If no such service is found, we terminate now, and move on.

If the cluster does indeed have this service defined, then we perform another API call to describe the count of registered container instances, and compare that with the value we already have from the service definition call.

If there’s a mismatch, we perform a final third API call to adjust the service definition’s desired task count.

All in all, a maximum total of 3 possible API calls, usually in under 300ms.

In my environment, I want this task to apply to every cluster in my account, as we later on inspect the cluster to see if it has a service definition applied to it, to act upon.
In my ballpark figures with a set of 10 active clusters, the cost for running this logic should be under $2/month – yes, two dollars a month to ensure your cluster has the correct number of tasks for a given service.
Do you own estimation with the Lambda Pricing Calculator.

Conclusions

The code can be found on GitHub, and was developed with test-everything philosophy, where I spent a large amount of time learning how to actually write the code and tests elegantly.
Writing out all of the tests and sequences allowed me to find multiple points of refactoring and increased efficiency from my first implementation, leading to a much cleaner solution.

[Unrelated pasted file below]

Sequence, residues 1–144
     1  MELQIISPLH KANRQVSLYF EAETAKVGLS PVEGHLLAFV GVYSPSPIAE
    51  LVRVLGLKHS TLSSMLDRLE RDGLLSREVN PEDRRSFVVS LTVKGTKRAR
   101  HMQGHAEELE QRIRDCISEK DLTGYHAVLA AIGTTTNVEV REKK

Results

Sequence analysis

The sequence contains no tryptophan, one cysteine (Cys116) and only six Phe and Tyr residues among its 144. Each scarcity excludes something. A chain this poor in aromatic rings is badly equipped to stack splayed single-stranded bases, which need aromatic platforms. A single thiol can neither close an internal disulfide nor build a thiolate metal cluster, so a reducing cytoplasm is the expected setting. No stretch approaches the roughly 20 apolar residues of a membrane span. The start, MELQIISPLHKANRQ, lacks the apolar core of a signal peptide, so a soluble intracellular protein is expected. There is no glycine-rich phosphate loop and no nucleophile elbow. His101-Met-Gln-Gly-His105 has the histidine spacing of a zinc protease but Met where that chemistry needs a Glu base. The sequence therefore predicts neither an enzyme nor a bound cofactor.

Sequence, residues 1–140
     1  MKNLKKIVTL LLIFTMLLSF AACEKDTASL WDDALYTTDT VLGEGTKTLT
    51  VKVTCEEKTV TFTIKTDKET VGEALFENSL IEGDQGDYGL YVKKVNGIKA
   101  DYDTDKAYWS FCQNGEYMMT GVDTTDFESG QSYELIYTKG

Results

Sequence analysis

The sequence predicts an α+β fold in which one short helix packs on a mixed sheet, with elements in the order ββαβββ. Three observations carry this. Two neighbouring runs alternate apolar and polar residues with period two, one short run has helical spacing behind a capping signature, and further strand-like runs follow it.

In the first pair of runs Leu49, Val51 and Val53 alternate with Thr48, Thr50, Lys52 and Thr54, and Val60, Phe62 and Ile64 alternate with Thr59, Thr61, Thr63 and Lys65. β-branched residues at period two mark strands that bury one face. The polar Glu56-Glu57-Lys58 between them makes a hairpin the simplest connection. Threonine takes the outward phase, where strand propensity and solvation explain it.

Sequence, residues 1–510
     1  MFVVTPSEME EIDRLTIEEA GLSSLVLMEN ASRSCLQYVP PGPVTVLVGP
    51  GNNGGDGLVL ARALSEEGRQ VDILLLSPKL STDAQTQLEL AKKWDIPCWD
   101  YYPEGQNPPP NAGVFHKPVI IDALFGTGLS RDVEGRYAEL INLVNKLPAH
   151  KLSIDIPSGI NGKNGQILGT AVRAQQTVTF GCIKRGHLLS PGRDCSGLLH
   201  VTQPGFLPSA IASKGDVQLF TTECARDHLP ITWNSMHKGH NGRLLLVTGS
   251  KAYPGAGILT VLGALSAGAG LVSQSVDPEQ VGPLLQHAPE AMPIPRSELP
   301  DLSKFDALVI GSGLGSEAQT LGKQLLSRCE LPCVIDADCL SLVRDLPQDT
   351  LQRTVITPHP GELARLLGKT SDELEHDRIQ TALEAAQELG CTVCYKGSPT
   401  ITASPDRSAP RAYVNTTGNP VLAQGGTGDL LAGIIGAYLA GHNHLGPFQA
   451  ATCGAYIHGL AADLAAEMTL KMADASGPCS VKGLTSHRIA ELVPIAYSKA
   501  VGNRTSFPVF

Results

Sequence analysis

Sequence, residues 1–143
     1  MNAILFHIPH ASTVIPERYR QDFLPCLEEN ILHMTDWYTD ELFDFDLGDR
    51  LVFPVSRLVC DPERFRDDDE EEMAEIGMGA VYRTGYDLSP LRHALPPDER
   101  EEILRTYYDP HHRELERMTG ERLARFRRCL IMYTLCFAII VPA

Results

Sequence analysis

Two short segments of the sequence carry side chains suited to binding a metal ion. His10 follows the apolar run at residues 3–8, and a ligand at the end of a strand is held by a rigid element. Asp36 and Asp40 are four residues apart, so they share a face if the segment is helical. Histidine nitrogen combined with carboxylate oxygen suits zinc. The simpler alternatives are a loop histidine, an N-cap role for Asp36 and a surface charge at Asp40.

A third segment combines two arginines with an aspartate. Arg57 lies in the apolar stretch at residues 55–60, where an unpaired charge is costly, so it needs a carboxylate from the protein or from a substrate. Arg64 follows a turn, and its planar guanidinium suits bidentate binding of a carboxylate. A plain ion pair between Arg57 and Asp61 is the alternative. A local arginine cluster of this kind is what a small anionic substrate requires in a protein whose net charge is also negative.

Taking on a project like this is a great way to increase one’s own technical prowess, leading to the ability to reason about other problems.

While I strongly believe that this feature should be part of the ECS platform and not require any client-side intervention, the ability to take the current offerings and extend them via mechanisms such as Events, Lambda and API calls further demonstrates the flexibility and extensibility of the AWS ecosystem.
The feature launched just over a week ago, and I’ve been able to put together an acceptable solution on my own, using the documentation, tooling, and infrastructure while minimizing costs and making my system more reactive to change.

I look forward to what else the ECS, Lambda and CloudWatch Events team cook up in the future!

  • Thanks Mike – this was super helpful! ECS is great but oh so frustrating when it’s almost-but-not-quite doing what you want out of the box 🙂

    • Indeed. Watch this space for other evolutions in ECS workarounds.